Acceptability of intramuscular injection of tranexamic acid in postpartum hemorrhage prevention

Document Type

Journal Article

Publication Date



AJOG global reports








intramuscular; intravenous; postpartum hemorrhage; subcutaneous; tranexamic acid


BACKGROUND: Newer research comparing routes of medication administration has extended beyond efficacy as a primary endpoint to incorporate patient preference. However, little is known about the preferences of pregnant women in terms of routes of medication administration, specifically with regards to hemorrhage prevention and control. OBJECTIVE: This study aimed to understand the preferences of pregnant women in terms of medical interventions to prevent hemorrhage at the time of delivery. STUDY DESIGN: Surveys were distributed from April 2022 to September 2022 using electronic tablets at a single urban center with an annual delivery volume of 3000 women per year to women >18 years of age who were either currently pregnant or have been pregnant in the past. Subjects were asked to choose their preferred route of administration from the following options: intravenous, intramuscular, or subcutaneous. The primary outcome was patient preference on the route of medication administration during a hemorrhage event. RESULTS: The study cohort included 300 patients, mostly African American (39.8%) followed by White (32.1%), and the majority of the participants ranged from 30 to 34 years of age (31.7%). When asked which method of administration they would prefer to prevent hemorrhage before birth, the results were as follows: 31.1% would prefer intravenous, 23.0% had no preference, 21.2% were unsure, 15.9% preferred subcutaneous, and 8.8% preferred intramuscular administration. In addition, 69.4% of respondents reported that they have never declined or avoided intramuscular administration of medication if recommended by their physician. CONCLUSION: Although some survey participants preferred an intravenous route of administration, 68.9% of subjects were unsure, had no preference, or preferred nonintravenous routes. This information is helpful particularly in low-resource settings where intravenous treatments are not readily available or in urgent clinical situations in which intravenous administration routes are not easily obtainable in high-risk patients.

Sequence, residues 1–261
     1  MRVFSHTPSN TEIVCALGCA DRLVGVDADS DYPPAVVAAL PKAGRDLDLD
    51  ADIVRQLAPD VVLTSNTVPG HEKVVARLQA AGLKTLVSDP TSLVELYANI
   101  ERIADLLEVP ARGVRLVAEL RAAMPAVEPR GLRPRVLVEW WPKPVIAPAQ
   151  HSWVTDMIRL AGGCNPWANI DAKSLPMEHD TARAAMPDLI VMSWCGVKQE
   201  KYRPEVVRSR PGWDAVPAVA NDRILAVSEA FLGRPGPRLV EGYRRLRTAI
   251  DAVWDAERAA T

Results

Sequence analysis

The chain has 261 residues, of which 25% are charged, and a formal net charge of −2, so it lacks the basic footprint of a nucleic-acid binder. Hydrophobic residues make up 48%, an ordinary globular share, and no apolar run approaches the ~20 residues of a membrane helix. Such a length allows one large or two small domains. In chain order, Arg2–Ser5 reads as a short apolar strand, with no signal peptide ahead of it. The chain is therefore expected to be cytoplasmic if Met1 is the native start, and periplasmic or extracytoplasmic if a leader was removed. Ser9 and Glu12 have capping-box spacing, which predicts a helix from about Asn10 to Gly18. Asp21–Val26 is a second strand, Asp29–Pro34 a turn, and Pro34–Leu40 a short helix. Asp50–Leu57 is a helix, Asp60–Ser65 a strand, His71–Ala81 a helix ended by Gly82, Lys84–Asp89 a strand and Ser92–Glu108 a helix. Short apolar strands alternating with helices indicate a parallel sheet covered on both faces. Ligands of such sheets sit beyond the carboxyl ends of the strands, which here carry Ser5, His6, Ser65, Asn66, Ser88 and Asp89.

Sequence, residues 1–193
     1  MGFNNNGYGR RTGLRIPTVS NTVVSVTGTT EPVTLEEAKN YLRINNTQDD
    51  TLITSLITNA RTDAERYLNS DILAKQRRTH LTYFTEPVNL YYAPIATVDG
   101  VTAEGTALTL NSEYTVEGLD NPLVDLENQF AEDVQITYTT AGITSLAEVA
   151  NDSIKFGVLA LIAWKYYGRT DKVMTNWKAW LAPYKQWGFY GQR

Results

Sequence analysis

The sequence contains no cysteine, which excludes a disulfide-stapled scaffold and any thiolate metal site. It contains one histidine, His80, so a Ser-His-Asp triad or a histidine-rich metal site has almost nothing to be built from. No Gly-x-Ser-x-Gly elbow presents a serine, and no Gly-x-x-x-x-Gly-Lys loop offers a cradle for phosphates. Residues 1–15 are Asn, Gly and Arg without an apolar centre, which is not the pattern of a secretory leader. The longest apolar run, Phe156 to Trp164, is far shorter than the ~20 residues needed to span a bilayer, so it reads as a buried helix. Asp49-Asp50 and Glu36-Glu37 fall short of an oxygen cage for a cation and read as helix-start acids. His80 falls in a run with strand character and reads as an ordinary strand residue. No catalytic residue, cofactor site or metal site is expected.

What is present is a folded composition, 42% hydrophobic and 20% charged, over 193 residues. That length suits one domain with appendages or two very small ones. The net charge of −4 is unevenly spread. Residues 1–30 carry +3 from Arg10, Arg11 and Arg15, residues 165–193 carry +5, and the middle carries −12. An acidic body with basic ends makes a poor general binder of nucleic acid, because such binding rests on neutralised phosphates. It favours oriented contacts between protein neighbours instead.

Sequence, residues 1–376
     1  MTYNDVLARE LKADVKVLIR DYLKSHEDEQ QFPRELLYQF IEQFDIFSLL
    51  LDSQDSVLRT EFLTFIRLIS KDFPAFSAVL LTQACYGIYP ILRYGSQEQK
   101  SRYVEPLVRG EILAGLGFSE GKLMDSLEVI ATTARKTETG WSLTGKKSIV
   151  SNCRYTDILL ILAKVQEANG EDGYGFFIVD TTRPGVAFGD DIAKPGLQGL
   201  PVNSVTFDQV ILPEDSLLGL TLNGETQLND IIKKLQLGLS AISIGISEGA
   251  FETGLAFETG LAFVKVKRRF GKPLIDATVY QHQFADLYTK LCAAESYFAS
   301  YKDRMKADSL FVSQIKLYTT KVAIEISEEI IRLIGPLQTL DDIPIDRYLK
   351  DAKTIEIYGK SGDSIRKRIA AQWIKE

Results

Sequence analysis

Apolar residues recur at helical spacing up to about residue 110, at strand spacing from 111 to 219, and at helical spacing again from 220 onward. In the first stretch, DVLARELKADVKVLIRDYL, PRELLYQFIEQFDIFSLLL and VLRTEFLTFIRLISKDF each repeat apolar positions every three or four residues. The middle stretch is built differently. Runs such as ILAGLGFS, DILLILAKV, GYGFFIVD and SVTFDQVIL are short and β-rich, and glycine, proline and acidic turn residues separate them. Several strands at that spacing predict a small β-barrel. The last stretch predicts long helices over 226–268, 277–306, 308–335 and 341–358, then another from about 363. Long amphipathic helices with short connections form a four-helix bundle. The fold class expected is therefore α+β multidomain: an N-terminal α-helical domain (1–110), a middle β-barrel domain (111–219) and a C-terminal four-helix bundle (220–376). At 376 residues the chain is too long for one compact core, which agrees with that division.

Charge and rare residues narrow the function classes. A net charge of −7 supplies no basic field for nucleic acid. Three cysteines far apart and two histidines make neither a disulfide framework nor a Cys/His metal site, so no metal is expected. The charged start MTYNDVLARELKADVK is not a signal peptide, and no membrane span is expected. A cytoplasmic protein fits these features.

Obstetrics and Gynecology